Overcoming the grip of Obsessive Compulsive Disorder (OCD)
In 1997, Hollywood released the box-office smash hit As Good As it Gets, a romantic comedy starring Jack Nicholson and Helen Hunt. Aside from winning Academy Awards, this film also did quite a good job of teaching an entire generation of movie-goers all about what OCD is and how it can affect an individual who suffers from the condition.
However, far away from its sometimes comical portrayal on the silver screen, OCD is a very real and serious affliction that’s more common than you might think. More common than say, bipolar depression, as it affects one in every fifty people. In this article, we’re going to explore what’s happening within the minds of those who are obsessive compulsive, to bring awareness and understanding to what can be a potentially debilitating condition.
We all sit along a continuum of traits
What makes this such an interesting condition to work with in therapy, is that everyone sits somewhere on the continuum of traits that feature in OCD. So all of us like to wash our hands, for example. Perhaps if we’ve been gardening we may wash our hands two or three times. However, all of us don’t need to wash our hands with a fresh bar of soap each time, dozens of times in a day – or twenty times in a row, to the point where our skin breaks from overscrubbing – as just one example, to depict how a habit we all share goes to the extreme end of a long continuum.
Breaking down how OCD works within the mind
OCD falls within the broader category of anxiety disorders – because fundamentally, anxiety is at the root of every compulsion. When looking at the disorder from a psychological perspective, we break the disorder down into obsessions and compulsions.
Obsessions are thoughts we have that are focused on a fearful future. For example, a person may fear contamination. Then a person engages in compulsions – which are behaviours we are compelled to carry out – designed to neutralise the fearful thought. So a person will wash their hands excessively.
Further examples include a person who is afraid that their house will be robbed – so they have several locks on every door, which they will check and re-check numerous times. In addition to fearing external events, a person can even be chronically afraid of their own power, or as Professor Paul Salkovskis explains, their own sense of responsibility. They may fear that they’ll burn their own house down, so they check the stove compulsively. Or they fear harming a child or baby, so they isolate themselves from society.
In addition to fearful thinking, magical or superstitious types of thinking can also provide the right mental atmosphere for a disorder like this to flourish – so a very successful person might attribute their success to some ritual they perform, for example the athlete who taps his right foot three times before running a race, or the pilot who has to touch the outside of a plane before he flies.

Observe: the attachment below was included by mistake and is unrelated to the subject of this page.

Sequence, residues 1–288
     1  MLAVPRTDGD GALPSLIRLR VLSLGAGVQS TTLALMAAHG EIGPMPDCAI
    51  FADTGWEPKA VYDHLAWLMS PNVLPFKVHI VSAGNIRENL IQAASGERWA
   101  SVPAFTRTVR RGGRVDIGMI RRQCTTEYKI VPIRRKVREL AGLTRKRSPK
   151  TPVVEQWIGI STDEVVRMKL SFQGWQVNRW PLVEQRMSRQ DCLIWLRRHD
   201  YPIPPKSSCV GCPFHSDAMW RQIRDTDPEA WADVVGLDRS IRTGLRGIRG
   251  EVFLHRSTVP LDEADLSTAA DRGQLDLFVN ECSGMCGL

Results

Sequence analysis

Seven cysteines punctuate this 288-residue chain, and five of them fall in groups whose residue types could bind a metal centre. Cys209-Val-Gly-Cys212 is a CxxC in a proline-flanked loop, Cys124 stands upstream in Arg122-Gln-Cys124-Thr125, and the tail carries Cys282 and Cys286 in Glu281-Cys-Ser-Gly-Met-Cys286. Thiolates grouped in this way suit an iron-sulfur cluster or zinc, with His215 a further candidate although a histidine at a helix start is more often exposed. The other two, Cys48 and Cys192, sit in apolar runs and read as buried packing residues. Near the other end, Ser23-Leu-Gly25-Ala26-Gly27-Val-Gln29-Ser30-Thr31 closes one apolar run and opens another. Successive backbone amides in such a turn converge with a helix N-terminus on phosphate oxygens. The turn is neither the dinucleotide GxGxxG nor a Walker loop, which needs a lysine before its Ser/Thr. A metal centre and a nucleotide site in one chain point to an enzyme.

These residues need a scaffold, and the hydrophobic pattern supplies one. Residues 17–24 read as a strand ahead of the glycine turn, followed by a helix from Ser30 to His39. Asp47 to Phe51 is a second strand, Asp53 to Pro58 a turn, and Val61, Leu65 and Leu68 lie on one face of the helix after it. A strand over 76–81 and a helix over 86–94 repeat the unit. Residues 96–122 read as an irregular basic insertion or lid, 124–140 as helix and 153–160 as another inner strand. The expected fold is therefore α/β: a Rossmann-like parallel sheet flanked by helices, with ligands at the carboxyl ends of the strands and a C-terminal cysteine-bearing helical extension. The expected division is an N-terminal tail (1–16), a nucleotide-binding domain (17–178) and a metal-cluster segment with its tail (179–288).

Random thoughts that uncontrollably pop up out of nowhere
Research has shown that just about everyone experiences unusual thoughts that they don’t speak about with anyone else. Ever wondered what people would do if you laughed out loud at a funeral? Maybe you’ve stood close to the yellow line on a train platform and wondered what keeps you from walking over the edge?
While many people allow these thoughts to come and go, and don’t get lost ruminating in the realm of ‘what if it all goes wrong’ thinking, some people become disturbed by such thoughts to the point that their focus gets exclusively stuck in that area. They are trapped believing the compulsion will get rid of the thoughts, but sadly, the compulsion simply sustains their focus within that area – trapping them for longer and longer periods of time.
In therapy, we say control is the problem, not the solution
In addition to coming from a basis of anxiety, it’s important to know that control is also a key part of OCD. During therapy we work with people to understand any root causes that might stem from childhood, where parents might have modelled unhealthy behaviours, or were perhaps controlling in some aspects of their own life – or, controlling in how they raised their child.
Part of what’s happening in OCD is that a false, or undermining, sense of control is being exerted by the person who is afflicted. So they falsely believe that washing their hands 100 times in a row will banish the thought that they’ll die from contamination. However, spending an hour at the sink is in fact what’s causing problems in their daily life.
Part of the healing journey involved in this affliction will be understanding that there are different types of control available to us – the place of true control lies in not being conned into allowing one small thought to run our lives. That we don’t have to believe, or act, on every random thought that pops into our minds.
Cognitive Behaviour Therapy (CBT) is one of the main forms of treatment
At the Chelsea Psychology Clinic, we have a range of methods for treating OCD. One of the main forms of treatments we recommend is CBT, which can be enriched with additional mindfulness techniques, depending on how the affliction manifests, case by case. We usually recommend a minimum of 20 sessions and have successfully treated a wide range of people, from all walks of life, who have the disorder.
We’ve helped many individuals lessen the grip and heal completely from OCD. If you would like to discuss how we can help, then please do contact us for a confidential chat.